Krakow: Mitchell Weiser scored with a looping first-half header to hand Germany the under-21 European Championship title after a 1-0 win over Spain in the southern Polish city of Krakow on Friday.
It is Germany's second title in the age group following their triumph in 2009, while Spain failed to expand their collection of four titles.
Hertha Berlin winger Weiser sent a header arcing over Spanish keeper Kepa Arrizabalaga and into the far corner on 40 minutes for his first goal of the tournament following a cross from right-back Jeremy Toljan.
"The goal made everything very difficult," said Spanish coach Albert Celades, a former defensive midfielder with Real Madrid and Barcelona.
"The first half was key for us, we tried to do everything in the second half but time was running out for us.
"Of course we're sad, this was the final (but) Germany is a fabulous team... playing very good football."
Spain came into the final having claimed four wins in as many games at the tournament and Celades went with the same team that started in the 3-1 semi-final victory over Italy.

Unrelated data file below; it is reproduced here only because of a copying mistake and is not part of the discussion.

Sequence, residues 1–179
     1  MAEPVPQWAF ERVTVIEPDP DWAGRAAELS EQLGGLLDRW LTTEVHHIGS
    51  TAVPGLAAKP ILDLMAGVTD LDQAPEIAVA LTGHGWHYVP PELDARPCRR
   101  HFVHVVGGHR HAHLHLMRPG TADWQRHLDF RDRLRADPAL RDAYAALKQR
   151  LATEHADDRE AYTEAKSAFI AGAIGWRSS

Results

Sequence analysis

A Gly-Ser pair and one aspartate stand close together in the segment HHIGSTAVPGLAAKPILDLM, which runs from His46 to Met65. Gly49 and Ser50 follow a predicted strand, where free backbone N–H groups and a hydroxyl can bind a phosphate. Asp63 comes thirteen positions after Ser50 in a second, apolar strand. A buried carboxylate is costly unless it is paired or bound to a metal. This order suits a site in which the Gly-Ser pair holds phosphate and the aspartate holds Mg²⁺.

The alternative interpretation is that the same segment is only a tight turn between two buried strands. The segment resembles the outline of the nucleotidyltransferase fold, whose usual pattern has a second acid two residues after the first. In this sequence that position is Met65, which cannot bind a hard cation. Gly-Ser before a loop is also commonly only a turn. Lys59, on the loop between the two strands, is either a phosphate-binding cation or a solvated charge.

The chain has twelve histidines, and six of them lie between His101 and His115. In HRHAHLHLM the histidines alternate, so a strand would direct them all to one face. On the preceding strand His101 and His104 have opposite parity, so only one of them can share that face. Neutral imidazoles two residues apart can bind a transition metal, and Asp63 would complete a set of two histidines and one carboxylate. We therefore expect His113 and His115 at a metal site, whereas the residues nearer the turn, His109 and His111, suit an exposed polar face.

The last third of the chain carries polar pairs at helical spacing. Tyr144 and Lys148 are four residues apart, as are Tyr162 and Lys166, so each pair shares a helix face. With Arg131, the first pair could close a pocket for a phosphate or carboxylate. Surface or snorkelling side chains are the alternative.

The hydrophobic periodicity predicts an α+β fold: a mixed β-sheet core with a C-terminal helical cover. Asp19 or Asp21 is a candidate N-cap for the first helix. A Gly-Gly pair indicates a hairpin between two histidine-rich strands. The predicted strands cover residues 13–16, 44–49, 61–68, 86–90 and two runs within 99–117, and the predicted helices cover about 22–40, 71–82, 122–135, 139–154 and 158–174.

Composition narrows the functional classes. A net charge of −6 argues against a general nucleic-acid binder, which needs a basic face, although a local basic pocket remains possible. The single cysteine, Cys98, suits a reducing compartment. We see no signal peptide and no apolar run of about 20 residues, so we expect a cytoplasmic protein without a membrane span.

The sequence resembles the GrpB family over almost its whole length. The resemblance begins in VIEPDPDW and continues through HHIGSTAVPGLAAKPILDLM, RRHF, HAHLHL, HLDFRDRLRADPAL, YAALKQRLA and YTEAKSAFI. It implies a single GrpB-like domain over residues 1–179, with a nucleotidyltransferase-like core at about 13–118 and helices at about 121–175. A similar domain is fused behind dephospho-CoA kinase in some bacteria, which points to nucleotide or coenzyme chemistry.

Opposing coach Stefan Kuntz lost his leading striker Davie Selke to injury but welcomed back defender Niklas Stark, who had missed the semi-final drama against England when Germany won on penalties.
Spain started in high spirits, but Germany soon regained their composure to outplay their rivals in the first half, with their defence close to the half-way line and forwards never missing an opportunity to attack.
Max Meyer headed against the post early on and Germany deserved the breakthrough when it arrived with the interval approaching, with Jesus Vallejo not getting close enough to Weiser as he met Toljan's cross.
"We trusted that in the final all players can bring again close to 100 percent of their performance and that was right," said Kuntz.
"We had to bring our best technical game today with a lot of courage.
"We had a plan and they did it really, really good. It's not easy to play against our team when they have so much courage."
Spain came out of the changing room more determined to attack in the second half, but the closest they came to equalising was a left-footed curler from Saul Niguez that was saved by Julian Pollersbeck.
At the other end, Meyer put through Serge Gnabry who failed to beat Arrizabalaga with a low shot.
Dani Ceballos then blasted a shot just past the post while Gerard Deulofeu's shot was cleared by the German defence which easily survived the inefficient Spanish pressure of the final minutes.
With the exception of 2015 when Sweden lifted the trophy in the Czech Republic, Germany and Spain have dominated the competition since 2009 with Spain earning the honours in 2011 and 2013.
Published Date: Jul 01, 2017 10:24 AM | Updated Date: Jul 01, 2017 10:24 AM